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Sun: Linux on the Mainframe--Not a Good Idea

Feb 22, 2002, 17:54 (85 Talkback[s])
(Other stories by Shahin Khan)
"Just as it is important to understand when technology can provide you with an advantage, it is equally valuable to know when a technology is not suited to a particular task regardless of how 'hot' that technology might be. Sun does see a place for Linux in the IT infrastructure, as evidenced by our recent announcement to ship Linux-based servers. Sun introduced low-priced, horizontal Linux servers as an alternative to proprietary systems. Suited for Web delivery at the edge of the network, Linux servers offer an alternative to proprietary and closed environments such as Microsoft Windows.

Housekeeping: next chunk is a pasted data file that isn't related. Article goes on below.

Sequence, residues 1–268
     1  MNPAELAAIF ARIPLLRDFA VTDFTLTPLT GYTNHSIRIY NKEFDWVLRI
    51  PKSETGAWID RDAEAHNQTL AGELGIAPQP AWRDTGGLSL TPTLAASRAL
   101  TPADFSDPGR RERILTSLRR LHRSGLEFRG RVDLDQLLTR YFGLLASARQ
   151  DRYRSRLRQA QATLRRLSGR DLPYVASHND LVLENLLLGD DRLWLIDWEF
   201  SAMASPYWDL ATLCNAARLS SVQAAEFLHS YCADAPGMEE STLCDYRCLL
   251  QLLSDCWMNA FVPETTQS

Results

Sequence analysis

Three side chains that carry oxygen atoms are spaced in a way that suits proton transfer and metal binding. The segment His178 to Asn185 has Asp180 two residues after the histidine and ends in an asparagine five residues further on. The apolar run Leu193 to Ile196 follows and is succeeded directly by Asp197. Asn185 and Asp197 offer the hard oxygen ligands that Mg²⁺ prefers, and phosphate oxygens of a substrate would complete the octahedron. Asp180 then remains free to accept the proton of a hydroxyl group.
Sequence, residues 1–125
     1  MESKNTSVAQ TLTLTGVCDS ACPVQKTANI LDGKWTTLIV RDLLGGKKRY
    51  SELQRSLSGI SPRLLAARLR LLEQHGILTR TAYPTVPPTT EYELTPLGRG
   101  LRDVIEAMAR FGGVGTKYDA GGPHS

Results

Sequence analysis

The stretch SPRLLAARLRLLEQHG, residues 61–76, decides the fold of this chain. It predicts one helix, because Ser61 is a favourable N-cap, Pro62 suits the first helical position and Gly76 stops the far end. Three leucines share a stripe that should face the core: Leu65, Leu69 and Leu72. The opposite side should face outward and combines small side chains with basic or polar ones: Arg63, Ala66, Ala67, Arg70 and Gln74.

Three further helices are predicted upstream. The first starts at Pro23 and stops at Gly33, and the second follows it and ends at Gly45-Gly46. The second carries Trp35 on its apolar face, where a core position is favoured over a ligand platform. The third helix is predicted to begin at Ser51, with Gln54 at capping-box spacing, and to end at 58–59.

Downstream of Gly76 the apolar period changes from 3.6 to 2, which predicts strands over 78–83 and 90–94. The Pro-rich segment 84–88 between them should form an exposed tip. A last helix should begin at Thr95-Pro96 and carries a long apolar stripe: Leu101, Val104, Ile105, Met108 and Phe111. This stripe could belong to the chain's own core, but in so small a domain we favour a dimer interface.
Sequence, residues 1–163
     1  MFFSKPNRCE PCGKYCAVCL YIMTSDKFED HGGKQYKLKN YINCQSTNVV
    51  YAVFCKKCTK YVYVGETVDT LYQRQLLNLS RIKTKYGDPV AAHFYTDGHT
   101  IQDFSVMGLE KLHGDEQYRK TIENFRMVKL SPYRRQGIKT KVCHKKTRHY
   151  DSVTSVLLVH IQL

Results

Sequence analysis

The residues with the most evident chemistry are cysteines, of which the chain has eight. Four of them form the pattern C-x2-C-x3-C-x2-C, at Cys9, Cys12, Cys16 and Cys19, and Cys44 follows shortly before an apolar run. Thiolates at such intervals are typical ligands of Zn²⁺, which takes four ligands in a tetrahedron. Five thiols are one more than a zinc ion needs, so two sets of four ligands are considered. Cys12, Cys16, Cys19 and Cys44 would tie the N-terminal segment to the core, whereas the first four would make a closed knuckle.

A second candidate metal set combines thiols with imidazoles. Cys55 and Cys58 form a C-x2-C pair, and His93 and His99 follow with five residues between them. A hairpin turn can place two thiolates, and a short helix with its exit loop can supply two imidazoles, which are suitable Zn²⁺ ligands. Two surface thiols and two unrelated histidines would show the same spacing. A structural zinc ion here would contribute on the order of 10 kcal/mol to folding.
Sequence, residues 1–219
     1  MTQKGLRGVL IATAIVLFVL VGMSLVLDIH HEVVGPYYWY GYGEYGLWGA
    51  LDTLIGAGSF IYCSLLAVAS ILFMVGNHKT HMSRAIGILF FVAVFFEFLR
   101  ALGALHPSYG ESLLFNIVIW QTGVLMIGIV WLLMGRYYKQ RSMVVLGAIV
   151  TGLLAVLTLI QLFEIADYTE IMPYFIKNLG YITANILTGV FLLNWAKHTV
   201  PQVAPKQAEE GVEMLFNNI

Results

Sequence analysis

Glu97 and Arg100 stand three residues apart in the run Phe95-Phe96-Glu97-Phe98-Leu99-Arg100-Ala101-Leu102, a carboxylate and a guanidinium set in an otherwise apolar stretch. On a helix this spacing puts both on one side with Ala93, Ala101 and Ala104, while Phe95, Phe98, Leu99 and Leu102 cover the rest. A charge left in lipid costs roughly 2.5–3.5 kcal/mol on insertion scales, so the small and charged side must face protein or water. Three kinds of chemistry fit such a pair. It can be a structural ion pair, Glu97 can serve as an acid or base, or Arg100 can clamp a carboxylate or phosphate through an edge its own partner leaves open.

Recently, IBM announced a new 'Linux-only' mainframe, the z800, which IBM is promoting as a way to consolidate multiple Linux and Unix[r] servers(1). Running Linux on a mainframe doesn't change the fact that you must still maintain an expensive, proprietary system, defeating the whole purpose of introducing open standards like Linux. Although it's technically possible to configure such a system, the question remains, 'How well-suited is the system to the task?'

Linux on the mainframe just doesn't compute. Here's why:

Linux on the mainframe is actually hosted by another proprietary operating system, z/VM. The optimized operating system for IBM mainframes is z/OS, formerly called MVS(2). Compared to z/OS, z/VM is a niche operating system with virtual machine (VM) support for new hardware features added late or often not at all(3). And Linux isn't designed to run in a virtual machine; implementation decisions that make sense on PC hardware don't fit well in a virtual machine(4). This is Linux. It's designed for Intel. It's not tuned for the mainframe hardware in which it's running."

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